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Natural Migraine Treatments That Work

With over two decades of experience in medicine, Melissa Flagg writes patient education articles, keeping you informed about your health.

Read on for some alternative, pharmaceutical-free migraine treatments.

Read on for some alternative, pharmaceutical-free migraine treatments.

Alternatives to Pharmaceuticals

Migraines are devastating headaches, and those who suffer from them have an amazing tolerance for pain. Fortunately for many migraineurs, there are some pharmaceutical medications that are actually very good at alleviating them such as the triptan class of medications (which are vasoconstrictors). But for all the migraineurs whose pain is alleviated by medication, there are just as many who can’t find relief with pharmaceuticals.

Migraineurs, myself included, will try just about anything once if there is a chance it will alleviate the pain. However, most of us forget to go back to basics and take a look at our nutrition which could be the cause of the headaches in the first place. This can also be the reason pharmaceuticals don’t work on everyone with migraines.


Migraineurs have extremely sensitive brains. They are extremely sensitive to excitotoxins which are essentially chemical poisons that overstimulate brain cells. They cause cells in the brain to fire rapidly and repeatedly until they become exhausted and die. Interestingly, those with epilepsy also have extremely sensitive brain cells.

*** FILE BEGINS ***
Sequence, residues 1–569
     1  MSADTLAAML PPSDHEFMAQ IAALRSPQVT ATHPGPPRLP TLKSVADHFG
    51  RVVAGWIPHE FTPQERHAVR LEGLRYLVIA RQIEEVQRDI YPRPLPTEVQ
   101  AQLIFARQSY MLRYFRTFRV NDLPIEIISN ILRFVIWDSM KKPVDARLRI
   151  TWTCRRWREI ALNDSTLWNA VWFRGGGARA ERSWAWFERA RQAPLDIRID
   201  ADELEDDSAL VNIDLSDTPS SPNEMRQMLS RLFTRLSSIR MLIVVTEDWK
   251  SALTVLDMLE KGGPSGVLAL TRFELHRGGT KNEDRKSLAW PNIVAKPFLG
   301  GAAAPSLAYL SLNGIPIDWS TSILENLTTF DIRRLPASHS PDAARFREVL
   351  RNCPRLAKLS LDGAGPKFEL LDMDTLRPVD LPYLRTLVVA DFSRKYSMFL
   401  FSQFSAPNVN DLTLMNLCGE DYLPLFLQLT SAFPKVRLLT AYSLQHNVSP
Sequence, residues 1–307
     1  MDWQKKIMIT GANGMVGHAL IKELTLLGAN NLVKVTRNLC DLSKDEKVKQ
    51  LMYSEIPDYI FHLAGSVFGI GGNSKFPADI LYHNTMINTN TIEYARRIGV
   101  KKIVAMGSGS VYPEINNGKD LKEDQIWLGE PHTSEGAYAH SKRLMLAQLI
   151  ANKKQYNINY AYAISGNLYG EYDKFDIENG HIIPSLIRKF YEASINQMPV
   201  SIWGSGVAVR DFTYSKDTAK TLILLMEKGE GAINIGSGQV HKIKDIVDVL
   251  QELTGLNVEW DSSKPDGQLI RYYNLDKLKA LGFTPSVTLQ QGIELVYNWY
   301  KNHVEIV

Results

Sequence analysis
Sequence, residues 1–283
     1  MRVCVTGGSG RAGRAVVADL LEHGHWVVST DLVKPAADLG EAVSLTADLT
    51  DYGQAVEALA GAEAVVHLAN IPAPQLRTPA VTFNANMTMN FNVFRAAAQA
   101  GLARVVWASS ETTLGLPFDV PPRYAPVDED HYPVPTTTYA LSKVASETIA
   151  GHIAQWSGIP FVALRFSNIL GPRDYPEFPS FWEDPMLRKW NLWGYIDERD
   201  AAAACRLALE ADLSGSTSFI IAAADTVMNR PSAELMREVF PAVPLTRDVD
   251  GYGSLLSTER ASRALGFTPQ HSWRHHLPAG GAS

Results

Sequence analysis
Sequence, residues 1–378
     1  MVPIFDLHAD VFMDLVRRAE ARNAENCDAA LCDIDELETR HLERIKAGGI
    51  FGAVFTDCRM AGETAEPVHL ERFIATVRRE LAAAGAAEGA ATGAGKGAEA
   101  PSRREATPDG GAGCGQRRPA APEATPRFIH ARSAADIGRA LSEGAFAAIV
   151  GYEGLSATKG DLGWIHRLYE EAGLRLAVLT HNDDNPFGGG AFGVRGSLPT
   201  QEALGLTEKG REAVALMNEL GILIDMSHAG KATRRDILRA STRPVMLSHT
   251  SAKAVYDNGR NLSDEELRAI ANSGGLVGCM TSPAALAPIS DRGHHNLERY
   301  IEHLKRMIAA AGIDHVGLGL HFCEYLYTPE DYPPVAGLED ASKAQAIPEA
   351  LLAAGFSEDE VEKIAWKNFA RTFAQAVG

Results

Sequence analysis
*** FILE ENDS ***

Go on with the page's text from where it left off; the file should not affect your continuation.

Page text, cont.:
There are a number of different excitotoxins, and many of them are used as additives in foods. Some of the most common excitotoxins include:

  • Monosodium Glutamate (MSG)
  • Aspartame
  • Aspartate
  • Glutamate
  • Gelatin

The antidote (for lack of a better term) to excitotoxins is actually antioxidants that block the toxic effects of these chemical poisons, albeit indirectly. Excess excitotoxins such as glutamate allow free radicals to accumulate which can cause damage to nerve cells. Free radicals are essentially cellular trash and antioxidants prevent this accumulation by removing this cellular debris.

How does this prevent migraines? By not allowing free radicals to build up, damage to nerve cells is prevented as is inflammation which is the primary culprit of migraines. Avoiding these toxins is the best treatment, but sometimes they are in our foods and we don’t even know it despite how well we read the labels. Taking antioxidant supplements such as vitamin C and vitamin E can help prevent damage from those toxins that manage to slip by unnoticed.

Diagnosing Migraines

Diagnosing a migraine headache isn’t easy. There are a number of different types of headaches:

  • Cluster Headaches
  • Tension Headaches
  • Migraines
  • Medication Overuse Headaches
  • Chronic Daily Headache
  • Familial Hemiplegic Migraine
  • Basilar Migraine
  • Abdominal Migraine